Kids certainly love sugar. But too much of it can cause tooth decay. Experts say the top dental problem among children is tooth decay. Nearly one out of 10 kids age two years old already have one or more cavities. It’s similar to kids age three years old, with 28% of them having one or more cavities.
Most parents assume that having cavities is normal for a kid. But it’s not entirely true. Tooth decay in baby teeth can have adverse effects on the permanent teeth; therefore, causing dental problems in the future.
How sugar affects a child’s developing teeth
One in every three kids between the age of five and six already have tooth decay in their baby teeth. Experts say it’s not only food that’s causing children to develop tooth decay. The truth is that carbonated drinks are the top reason children are developing dental caries at an alarming rate.
Experts say that these drinks are the top source of sugar in the world. An average teen even consumes about 20 teaspoons of sugar each day. That’s why experienced pediatric dentists in Scottsdale, AZ and other locations advise everyone to reduce sugar intake to help bring down the prevalence of developing tooth decay.
Teaching a child some good dental habits
The best way to protect your child’s growing teeth is to teach him some essential dental habits. With proper guidance, he’ll quickly adapt to it and even include it to his daily routine. But while he can be an active participant in most days, he still doesn’t have enough motor skills to brush his teeth by himself. That’s why you need to be there to help him improve his brushing techniques. Doing so will help him remove the plaque and other bacteria-containing deposits trapped on his teeth.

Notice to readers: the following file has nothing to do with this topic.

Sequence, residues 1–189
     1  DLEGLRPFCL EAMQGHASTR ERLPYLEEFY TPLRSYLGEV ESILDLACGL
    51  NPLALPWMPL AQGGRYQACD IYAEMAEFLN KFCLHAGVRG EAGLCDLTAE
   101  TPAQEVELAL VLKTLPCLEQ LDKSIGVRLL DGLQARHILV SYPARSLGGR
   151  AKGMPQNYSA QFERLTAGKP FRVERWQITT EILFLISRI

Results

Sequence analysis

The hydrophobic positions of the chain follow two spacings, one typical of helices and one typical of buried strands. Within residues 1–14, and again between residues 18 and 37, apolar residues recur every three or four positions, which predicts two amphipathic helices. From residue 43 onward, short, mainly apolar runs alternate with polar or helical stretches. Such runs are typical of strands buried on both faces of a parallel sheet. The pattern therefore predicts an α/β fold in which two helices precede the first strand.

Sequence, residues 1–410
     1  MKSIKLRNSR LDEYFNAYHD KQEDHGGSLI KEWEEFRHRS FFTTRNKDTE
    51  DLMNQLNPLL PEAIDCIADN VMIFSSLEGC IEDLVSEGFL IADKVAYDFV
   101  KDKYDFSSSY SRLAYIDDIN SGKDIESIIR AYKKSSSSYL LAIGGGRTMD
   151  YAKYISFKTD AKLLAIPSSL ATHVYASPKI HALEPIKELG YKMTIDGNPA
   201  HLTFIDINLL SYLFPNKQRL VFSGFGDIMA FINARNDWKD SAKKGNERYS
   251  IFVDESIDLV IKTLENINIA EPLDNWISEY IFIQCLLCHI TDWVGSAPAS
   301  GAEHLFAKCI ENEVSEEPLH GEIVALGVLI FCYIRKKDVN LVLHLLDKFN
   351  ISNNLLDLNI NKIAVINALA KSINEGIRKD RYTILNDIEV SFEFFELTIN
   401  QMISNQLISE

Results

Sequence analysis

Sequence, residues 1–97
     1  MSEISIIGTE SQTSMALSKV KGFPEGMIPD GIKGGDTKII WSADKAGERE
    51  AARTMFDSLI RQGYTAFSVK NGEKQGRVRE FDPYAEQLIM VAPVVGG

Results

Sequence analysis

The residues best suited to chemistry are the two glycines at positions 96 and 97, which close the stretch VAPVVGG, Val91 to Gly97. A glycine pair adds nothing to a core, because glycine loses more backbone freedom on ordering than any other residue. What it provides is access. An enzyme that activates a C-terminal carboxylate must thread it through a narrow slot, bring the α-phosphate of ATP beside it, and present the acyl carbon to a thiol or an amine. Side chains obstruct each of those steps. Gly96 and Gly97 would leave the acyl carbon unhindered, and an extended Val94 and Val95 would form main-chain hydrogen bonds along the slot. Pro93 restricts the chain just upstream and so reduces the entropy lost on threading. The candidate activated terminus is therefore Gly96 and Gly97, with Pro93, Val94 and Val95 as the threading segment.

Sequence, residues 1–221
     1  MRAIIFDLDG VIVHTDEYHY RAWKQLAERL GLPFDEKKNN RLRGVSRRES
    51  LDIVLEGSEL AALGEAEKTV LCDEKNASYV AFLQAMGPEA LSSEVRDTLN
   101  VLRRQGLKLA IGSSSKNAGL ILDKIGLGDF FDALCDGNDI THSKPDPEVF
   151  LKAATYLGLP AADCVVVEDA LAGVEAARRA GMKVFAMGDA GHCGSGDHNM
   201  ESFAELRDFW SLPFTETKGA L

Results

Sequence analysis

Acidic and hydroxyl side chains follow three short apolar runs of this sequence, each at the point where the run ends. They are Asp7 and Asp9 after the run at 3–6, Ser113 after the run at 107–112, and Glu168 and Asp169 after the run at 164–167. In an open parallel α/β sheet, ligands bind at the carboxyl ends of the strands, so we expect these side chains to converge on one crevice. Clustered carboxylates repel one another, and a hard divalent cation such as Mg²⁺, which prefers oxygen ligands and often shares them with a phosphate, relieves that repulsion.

Once you see that your child already has a baby tooth growing, you need to teach him the importance of brushing his teeth twice a day. If he’s younger than three, ensure that you only put a smear of fluoride toothpaste on his toothbrush to clean his teeth.
Also, it’s a must to let him use a child-sized toothbrush with soft bristles to protect your child’s delicate gums. Once he reaches the age of three, you can start giving him a pea-size amount of fluoride toothpaste. It should be enough to help prevent any cavities from building up.
You’ll often hear people say that the best brushing motion is back and forth, up and down, or even around in circles. But the truth is that the direction doesn’t matter when it comes to cleaning your teeth. The important thing is that you clean your teeth thoroughly on all sides.
Teaching your child the importance of good dental hygiene can come in handy once he grows old. It will help protect his teeth from any damage caused by plaque and tooth decay. This gives him better chances of developing a great smile even at an early age. Your child will thank you for that when he grows up with a beautiful set of teeth.